May 31, 2012 (07:05 AM EDT)
Intel Smartphones Slowly Spread To New Markets
Read the Original Article at InformationWeek
The San Diego will be available for 200 pounds via Orange Pay As You Go, and requires customers to top up their account by 10 pounds. Orange customers will also be able to get it for free if they agree to a two-year contract at the rate of 15.50 pounds per month. The contract plan offers 50 minutes, 50 texts, and 100MB of mobile data per month.
The San Diego is based on Intel's Z2460 system-on-a-chip, which includes a 1.6-GHz Atom engine in addition to a 400-MHz graphics chip. Thanks to the Z2460's 32-nm process, it's power-efficient as well as zippy. The San Diego boasts a 4-inch LCD display, in addition to an 8-megapixel camera with 1080p HD video capture, a 1.3-megapixel front-facing camera, 1 GB of RAM, 16 GB of built-in storage space, and HSPA+ 3G, Wi-Fi, Bluetooth, NFC, and HDMI.
[ Will the Facebook phone prove to be ill-fated? Read more at Facebook Phone Faces Uphill Battle. ]
The San Diego will ship with Android 2.3 Gingerbread, but Orange says Android 4.0 is coming soon. Orange and Intel say the San Diego can surf the Web for five hours and support eight hours of voice calls.
Today, Lenovo kicked off sales of the LePhone K800, which is also based on Intel's Z2640 SoC. First announced at the Consumer Electronics Show early this year, the K800 features a 4.5-inch display, 1.6GHz processor, an 8-megapixel camera with 1080p HD video capture, a 1.3-megapixel front-facing camera, 1 GB of RAM, and 16 GB of built-in storage space.
The LePhone K800 is selling for a price of 3,299 yuan (U.S. $520) without a contract. This high price has analysts concerned that it won't sell well in China.
These two device launches add to the X900's availability in India, giving Intel a footprint in India, China, and Europe. It's a start, but Intel has a long road ahead if it hopes to put the hurt on its competitors.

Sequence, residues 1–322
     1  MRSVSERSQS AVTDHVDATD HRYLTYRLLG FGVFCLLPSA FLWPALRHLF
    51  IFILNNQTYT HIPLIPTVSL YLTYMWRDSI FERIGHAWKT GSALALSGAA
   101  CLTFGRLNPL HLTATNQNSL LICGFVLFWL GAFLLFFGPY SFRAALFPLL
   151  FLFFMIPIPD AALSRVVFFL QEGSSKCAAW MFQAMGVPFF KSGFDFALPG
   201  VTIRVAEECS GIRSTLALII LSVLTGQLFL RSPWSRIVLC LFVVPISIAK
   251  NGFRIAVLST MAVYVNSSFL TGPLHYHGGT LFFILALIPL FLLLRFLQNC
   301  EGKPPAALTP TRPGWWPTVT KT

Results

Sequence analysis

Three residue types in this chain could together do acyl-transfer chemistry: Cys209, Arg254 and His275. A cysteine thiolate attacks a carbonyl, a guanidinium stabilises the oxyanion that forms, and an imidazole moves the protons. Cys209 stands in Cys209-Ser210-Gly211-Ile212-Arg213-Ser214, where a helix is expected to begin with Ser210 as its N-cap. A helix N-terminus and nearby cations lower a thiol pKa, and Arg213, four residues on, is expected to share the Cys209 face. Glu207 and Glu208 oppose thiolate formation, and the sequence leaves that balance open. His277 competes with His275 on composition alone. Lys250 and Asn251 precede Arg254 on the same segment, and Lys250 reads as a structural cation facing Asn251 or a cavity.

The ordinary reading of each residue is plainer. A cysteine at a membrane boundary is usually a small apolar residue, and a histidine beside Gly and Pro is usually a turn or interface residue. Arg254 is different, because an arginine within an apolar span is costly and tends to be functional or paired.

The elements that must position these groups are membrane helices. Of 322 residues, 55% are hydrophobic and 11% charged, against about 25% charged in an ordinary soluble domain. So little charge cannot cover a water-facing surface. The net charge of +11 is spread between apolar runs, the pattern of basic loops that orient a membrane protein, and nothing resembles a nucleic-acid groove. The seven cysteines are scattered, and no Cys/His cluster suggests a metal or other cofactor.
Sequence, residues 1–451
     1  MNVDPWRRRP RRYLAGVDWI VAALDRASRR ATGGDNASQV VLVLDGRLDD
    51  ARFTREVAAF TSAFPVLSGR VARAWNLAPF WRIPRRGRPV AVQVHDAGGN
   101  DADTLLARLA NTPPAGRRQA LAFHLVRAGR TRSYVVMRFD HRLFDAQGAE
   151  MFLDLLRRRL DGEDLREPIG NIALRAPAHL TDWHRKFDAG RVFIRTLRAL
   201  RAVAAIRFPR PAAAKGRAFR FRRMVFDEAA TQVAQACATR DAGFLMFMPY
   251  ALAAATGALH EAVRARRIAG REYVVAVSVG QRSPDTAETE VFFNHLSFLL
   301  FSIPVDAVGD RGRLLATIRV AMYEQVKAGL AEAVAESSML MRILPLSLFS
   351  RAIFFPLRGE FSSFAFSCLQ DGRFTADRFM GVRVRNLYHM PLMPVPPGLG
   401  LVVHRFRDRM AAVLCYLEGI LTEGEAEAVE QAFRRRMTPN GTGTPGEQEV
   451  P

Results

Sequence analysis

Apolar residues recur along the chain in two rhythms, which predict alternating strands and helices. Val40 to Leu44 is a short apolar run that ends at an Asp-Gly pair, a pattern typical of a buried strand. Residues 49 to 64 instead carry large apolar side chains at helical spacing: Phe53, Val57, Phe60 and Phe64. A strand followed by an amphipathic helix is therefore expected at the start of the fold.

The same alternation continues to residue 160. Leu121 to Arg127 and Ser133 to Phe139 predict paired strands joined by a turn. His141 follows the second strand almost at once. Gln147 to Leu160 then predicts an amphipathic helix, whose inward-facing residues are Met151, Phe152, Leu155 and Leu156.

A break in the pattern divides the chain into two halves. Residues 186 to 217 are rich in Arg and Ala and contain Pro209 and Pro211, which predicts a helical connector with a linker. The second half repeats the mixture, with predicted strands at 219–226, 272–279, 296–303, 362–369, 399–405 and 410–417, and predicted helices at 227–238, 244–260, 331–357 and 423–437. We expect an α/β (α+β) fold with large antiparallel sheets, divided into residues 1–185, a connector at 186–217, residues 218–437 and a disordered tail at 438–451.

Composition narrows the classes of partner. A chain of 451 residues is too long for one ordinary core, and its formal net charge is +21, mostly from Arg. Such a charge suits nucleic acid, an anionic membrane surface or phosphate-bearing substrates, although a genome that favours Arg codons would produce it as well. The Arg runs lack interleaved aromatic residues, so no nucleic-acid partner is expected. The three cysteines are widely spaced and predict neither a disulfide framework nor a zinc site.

Qualcomm and other chip makers have a solid lead in the mobile space with their ARM-based chips, with sales in the hundreds of millions of devices. Their success resulted from good partnerships among platform providers (in this case, Google), handset makers, and carriers--not because of the silicon inside the devices.
Intel needs its other device partners, Motorola and ZTE, to design compelling handsets that carriers--especially those in the United States--will want to sell. Motorola has had a bumpy ride with Android sales in the last year, and ZTE is barely a blip in the U.S. market (though admittedly it is much larger in Asian markets).
Intel and Motorola were expected to unveil a new Atom-based Android smartphone months ago. The delay can probably be attributed to the extra time it took for Google's acquisition of Motorola to be approved by Chinese regulators. Intel needs to get its chips into as many handsets and onto as many retail shelves as possible.
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